Thousands of people took part in Jerusalem’s annual Gay Pride parade under heavy police guard on Thursday, mindful of a fatal 2015 attack on marchers in the largely conservative city.
“We shall not allow any disturbance to public order and we shall ensure the safety of the march and its participants,” a police statement said.
It said that about 10,000 people arrived for the start of the parade, setting off from a downtown Jerusalem park to march through nearby streets.
Speaking to AFP at the starting point, opposition leader Tzipi Livni, of the centrist Zionist Union alliance, said: “I am here to send a message to the government that the state of Israel must be a state with values such as equality and freedom.”
Israeli Prime Minister Benjamin Netanyahu leads what is seen as the most right-wing government in Israel’s history, which includes an ultra-Orthodox party that condemns homosexuality.
Across the road a few dozen demonstrators gathered to protest against the parade and raised a banner in Hebrew reading: “No entry for this abomination to the Holy City.”
Police kept them away from the parade-goers and said no violent incidents were reported.
“Weapons of all kinds, drones and all types of aircraft” were banned from the assembly point and from the parade route, police said.
Officers questioned 41 people suspected of intending public disorder and arrested one person who was taken to a police station for further investigation.
The city centre was closed to traffic and police said participants were subjected to security checks before being allowed to join the rally.
– ‘Pride and Tolerance’ –
Emily Matheys, a 21-year-old from the northern city of Haifa, said she joined the parade to march for “equality in all walks of life”.
“Mainly for me, as a transsexual woman, it comes to the most basic things like walking in the street without fearing for my life,” she told AFP.
In the 2015 attack, a 16-year-old girl was stabbed to death and five other people were wounded.
The attacker was Yishai Shlissel, an ultra-Orthodox Jew, who is now serving a life sentence.
Shlissel had spent 10 years in jail after a similar attack on the 2005 Jerusalem Gay Pride march, and had been released just three weeks before the event, leading to criticism of the police.
The Jerusalem parade has taken on added significance since then, with many from outside the gay community joining the march in solidarity and to call for tolerance.
Israel has the most open attitude to homosexuality in the Middle East, with a large and influential gay community.
But conservative Jerusalem, which is sacred to Jews, Muslims and Christians, is far less gay-friendly than liberal Tel Aviv.
Bisexual Jerusalem resident Doron Mosenzon, a participant in the parade, said sexual orientation was not subject to religious or cultural boundaries.
“The gay community is everywhere in all populations — religious, secular, Jews, Arabs, Christians — we are part of everyone and we’ve been here forever, and we will continue to be here and fight for our place here,” he said.
This year’s parade, the 17th annual Jerusalem march, is being held under the banner of “Pride and Tolerance”.
Organisers had said they expected a high turnout due to what they say is a groundswell of public sympathy for gay rights in the wake of a recent law denying surrogacy rights to same-sex couples.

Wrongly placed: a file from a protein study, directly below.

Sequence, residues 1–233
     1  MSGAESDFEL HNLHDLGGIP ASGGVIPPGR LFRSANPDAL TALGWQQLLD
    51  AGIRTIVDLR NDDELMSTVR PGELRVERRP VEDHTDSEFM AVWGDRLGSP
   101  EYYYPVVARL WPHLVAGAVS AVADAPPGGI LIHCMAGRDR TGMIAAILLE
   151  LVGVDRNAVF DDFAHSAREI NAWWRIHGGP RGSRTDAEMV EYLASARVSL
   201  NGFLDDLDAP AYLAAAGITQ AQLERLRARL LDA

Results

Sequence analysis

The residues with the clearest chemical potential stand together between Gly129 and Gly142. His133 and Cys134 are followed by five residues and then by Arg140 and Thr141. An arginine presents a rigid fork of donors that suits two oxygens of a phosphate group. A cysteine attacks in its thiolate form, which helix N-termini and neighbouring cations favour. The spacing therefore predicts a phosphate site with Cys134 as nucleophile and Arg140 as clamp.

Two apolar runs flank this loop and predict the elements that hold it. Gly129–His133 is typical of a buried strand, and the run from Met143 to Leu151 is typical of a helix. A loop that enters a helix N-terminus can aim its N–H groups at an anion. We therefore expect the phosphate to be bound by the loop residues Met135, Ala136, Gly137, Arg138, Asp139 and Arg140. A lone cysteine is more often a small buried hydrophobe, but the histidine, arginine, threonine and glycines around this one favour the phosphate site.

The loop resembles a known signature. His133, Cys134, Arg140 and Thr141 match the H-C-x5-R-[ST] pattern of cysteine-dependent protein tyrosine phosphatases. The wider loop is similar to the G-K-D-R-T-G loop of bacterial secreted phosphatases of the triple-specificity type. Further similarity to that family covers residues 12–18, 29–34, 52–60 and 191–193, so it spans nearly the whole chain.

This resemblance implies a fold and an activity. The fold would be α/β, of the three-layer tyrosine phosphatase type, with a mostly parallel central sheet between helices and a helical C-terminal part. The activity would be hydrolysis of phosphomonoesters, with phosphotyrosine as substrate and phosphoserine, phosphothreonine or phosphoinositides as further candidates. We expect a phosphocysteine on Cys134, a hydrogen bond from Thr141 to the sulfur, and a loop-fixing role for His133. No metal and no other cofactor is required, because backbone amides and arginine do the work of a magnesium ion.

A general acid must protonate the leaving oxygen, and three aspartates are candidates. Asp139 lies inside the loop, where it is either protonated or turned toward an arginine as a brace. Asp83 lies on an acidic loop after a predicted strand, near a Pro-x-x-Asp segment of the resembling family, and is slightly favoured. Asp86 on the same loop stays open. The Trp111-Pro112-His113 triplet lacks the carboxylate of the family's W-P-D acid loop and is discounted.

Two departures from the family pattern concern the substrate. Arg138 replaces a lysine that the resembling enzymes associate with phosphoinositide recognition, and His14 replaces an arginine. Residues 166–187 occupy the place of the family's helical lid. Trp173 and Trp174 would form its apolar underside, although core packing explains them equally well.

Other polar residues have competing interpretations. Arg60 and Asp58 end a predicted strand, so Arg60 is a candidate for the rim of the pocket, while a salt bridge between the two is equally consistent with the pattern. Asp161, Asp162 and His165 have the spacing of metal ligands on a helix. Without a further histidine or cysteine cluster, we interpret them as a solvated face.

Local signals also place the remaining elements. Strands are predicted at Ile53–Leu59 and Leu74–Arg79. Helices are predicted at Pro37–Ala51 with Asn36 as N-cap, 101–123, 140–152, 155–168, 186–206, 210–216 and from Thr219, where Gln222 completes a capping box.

On July 22 sympathisers around the country staged work stoppages and an estimated 60,000 people attended a solidarity rally in Tel Aviv.
‘Downward spiral’: Trump ripped by prominent conservative for turning America into ‘a pitiful, helpless giant’
Writing in the Washington Post this Wednesday, columnist George Will contends that President Trump's "rhetorical mustard" is starting to lose its flavor. "The entertainer has become a bore, and foretelling his defeat no longer involves peering into a distant future," Will writes.
"Never has a U.S. election come at such a moment of national mortification. In April 1970, President Richard M. Nixon told a national television audience that futility in Vietnam would make the United States appear to the world as 'a pitiful, helpless giant.' Half a century later, America, for the first time in its history, is pitied."
Trump fights Supreme Court order on taxes — will try to block Manhattan district attorney’s access to documents
Attorneys for President Donald Trump have decided to fight the Manhattan District Attorney's subpoena for his tax returns and financial data in an attempt to "block or at least narrow access to the records," The New York Times reports.
The move comes despite the U.S. Supreme Court ruling less than a week ago in favor of DA Cyrus Vance and against the president.
Buzzfeed's Zoe Tillman adds, "Trump says he will file an amended complaint raising new legal arguments to challenge the NY grand jury subpoena for his tax returns, in light of the latest SCOTUS decision."
This is a breaking news and developing story. Details may change.
‘That’s Peter Navarro’: Trump excuses trade adviser’s op-ed smearing Dr. Fauci as ‘wrong about everything’
President Donald Trump on Wednesday waived off concerns about an op-ed by White House trade adviser Peter Navarro which took aim at Dr. Anthony Fauci, the top infectious disease expert in the United States.
In a Tuesday USA Today op-ed, Navarro accused Fauci of being "wrong about everything."
The White House later suggested that Navarro had gone rogue by publishing an unapproved column.
But on Wednesday, Trump declined to admonish his trade adviser.